No-code tools – WYSIWYG editors like Wix or Webflow are all you need to create a stunning website. However, the code coming from no-code tools wasn’t made for anyone to read and maintain. These tools are meant to host that code and no custom servers can be connected to it. So product companies, companies building SaaS, apps and complex websites need a different solution. Anima’s code is meant for teams with engineers. The code is developer-friendly and goes to the teams’ GitHub, and connects to the users’ APIs and logic.
Visual IDEs try to solve this problem end-to-end. Meaning you have a visual editor, where designers design and developers see it reflected in code. This involves changing the main design environment for designers and usually choosing code conventions for engineers, and that’s a bit hard to adopt. Anima’s code is developer-friendly, they choose the code conventions. And for designers, Anima connects to their favorite design tool instead of asking them to switch.
JAXenter: What new capabilities and features have been released with Anima 5?
Avishay Cohen: Anima 5 is a massive milestone for our users and us. For the first time, we bring code components into the design tool (code-to-design!). Using Anima 5, product designers can use real code components in Figma/Adobe XD and create POCs that feel way more real. For developers, it will produce much more relevant code that references code they already use.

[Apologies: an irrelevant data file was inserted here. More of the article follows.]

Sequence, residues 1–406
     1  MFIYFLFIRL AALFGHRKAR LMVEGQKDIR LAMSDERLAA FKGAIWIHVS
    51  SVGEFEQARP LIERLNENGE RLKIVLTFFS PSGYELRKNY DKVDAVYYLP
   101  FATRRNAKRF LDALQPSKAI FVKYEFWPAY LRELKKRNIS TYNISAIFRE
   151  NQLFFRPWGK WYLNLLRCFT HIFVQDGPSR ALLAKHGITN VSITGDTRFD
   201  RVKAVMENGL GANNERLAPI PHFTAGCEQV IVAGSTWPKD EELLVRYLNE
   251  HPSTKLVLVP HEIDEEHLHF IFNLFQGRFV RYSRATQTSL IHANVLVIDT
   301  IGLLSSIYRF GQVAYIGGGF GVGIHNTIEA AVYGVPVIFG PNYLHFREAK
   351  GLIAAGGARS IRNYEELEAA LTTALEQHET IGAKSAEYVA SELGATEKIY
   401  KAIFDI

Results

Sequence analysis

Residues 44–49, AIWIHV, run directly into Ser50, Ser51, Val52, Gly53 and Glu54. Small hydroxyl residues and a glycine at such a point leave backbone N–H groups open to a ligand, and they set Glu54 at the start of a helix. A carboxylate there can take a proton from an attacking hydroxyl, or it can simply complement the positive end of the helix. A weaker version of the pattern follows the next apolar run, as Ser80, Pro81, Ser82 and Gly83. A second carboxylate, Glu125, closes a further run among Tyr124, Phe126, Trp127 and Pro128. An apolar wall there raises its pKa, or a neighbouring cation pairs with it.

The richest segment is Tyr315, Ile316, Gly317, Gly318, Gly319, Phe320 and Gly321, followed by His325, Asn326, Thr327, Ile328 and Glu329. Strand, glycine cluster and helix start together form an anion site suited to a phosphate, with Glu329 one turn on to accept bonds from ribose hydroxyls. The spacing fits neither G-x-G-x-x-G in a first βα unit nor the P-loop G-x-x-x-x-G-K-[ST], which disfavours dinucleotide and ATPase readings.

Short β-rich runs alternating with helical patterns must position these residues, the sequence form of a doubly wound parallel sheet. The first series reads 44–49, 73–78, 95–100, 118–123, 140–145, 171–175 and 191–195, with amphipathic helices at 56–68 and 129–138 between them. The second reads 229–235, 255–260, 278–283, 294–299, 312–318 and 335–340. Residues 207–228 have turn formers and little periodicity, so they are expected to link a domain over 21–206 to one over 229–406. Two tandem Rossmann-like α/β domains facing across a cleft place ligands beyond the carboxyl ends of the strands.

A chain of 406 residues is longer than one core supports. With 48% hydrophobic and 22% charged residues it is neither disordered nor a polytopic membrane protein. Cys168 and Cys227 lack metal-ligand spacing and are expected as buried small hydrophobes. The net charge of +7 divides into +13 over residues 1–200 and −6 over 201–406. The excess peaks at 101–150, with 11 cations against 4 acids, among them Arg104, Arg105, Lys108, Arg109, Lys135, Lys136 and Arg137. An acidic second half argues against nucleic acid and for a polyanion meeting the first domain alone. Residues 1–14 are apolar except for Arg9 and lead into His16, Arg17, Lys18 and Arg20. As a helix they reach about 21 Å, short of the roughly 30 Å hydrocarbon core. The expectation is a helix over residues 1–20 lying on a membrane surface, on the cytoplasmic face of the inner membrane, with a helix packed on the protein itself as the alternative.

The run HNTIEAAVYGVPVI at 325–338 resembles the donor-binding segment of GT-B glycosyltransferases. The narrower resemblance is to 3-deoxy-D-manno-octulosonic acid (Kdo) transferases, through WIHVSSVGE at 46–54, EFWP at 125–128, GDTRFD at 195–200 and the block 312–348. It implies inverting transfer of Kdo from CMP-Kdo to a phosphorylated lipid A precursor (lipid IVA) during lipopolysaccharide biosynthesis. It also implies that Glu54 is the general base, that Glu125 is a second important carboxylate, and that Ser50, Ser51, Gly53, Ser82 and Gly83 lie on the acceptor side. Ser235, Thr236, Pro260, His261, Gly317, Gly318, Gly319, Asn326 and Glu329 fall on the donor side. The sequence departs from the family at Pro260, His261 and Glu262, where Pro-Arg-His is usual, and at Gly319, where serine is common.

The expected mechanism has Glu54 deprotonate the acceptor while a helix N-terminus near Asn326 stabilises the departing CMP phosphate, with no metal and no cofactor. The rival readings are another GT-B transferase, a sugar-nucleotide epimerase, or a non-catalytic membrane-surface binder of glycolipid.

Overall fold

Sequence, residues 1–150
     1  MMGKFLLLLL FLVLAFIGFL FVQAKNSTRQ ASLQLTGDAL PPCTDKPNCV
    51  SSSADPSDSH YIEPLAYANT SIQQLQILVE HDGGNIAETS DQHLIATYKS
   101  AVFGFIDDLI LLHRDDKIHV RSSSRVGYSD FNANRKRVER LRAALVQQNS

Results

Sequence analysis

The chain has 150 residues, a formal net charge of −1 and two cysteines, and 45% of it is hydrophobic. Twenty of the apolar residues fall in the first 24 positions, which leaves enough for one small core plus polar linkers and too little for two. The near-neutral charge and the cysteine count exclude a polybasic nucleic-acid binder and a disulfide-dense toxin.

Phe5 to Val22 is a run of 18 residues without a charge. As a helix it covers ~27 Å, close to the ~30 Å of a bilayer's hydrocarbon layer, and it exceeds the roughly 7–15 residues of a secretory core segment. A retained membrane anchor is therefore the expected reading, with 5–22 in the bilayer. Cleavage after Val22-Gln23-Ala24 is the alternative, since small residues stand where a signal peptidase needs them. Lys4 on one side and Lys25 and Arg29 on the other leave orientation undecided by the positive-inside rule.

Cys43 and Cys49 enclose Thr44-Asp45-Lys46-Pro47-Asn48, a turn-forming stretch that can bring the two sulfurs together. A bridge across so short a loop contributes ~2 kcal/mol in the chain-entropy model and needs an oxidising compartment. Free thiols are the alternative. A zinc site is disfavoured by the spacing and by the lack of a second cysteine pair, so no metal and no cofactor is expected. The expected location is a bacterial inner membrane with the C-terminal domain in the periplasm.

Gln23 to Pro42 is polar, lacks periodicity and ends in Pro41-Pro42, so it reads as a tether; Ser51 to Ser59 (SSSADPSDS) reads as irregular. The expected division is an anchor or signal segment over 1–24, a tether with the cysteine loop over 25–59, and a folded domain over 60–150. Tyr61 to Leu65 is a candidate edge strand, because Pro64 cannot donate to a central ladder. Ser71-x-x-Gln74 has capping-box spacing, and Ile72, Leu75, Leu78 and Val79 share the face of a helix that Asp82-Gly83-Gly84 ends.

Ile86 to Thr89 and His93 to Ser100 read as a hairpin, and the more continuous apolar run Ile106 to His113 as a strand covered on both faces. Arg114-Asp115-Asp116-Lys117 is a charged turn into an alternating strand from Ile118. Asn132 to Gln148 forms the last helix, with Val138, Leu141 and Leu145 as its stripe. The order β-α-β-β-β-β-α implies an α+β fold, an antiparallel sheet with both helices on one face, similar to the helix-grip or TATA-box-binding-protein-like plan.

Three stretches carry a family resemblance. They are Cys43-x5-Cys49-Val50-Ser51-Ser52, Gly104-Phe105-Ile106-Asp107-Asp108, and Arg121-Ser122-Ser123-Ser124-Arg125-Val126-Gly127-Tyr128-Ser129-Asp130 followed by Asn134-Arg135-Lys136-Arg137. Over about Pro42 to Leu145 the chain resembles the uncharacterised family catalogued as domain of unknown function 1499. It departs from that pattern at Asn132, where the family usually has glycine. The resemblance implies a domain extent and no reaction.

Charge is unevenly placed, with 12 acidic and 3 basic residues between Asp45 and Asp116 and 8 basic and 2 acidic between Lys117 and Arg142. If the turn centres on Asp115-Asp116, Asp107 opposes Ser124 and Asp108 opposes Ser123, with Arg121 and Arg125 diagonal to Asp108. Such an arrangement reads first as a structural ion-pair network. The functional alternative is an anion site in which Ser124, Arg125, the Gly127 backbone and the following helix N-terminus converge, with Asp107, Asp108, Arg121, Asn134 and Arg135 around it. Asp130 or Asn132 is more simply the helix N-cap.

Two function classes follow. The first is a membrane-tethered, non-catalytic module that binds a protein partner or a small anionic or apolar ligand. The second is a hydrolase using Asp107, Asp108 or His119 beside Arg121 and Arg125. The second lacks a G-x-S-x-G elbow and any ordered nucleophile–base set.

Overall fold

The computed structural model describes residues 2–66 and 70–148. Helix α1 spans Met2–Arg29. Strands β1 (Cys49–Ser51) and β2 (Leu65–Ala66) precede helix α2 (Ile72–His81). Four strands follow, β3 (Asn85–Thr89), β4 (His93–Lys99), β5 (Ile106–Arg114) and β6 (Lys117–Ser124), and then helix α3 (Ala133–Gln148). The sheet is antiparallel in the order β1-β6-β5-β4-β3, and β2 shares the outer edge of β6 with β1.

It’s really exciting because we are now the first design-to-code platform that the initial release supports Google’s Material Design components directly in Adobe XD and Figma, and we’ll be adding more and more popular open-source projects.
Material Design is a popular open-source UI library by Google that is used widely by developers and designers. Up until now, designers would attach image-based mockups of Material Design components to their prototypes. Now, designers can build code-based prototypes with Material Design components that behave just like the final product should. And developers get code that uses Google’s code, as they would code it themselves.
JAXenter: Can you share any future plans for Anima? What is currently being worked on that we can look forward to?
Avishay Cohen: Anima’s goal is to create a continuous design-to-code process. By automating the grunt work of front-end, teams can be free to innovate and deliver products 10x faster. We have a few exciting things coming up in the near future.
At the moment we are focusing on enabling integration with GitHub, allowing designers to use real code components in their design tools. The final result is advanced prototyping features that can be added to Figma, Adobe XD & Sketch. Not only that, but developers will also benefit by getting very relevant code that they can actually work with.
We also have a few releases in the pipeline for more developer tools. This will give developers a lot more control over the code they produce.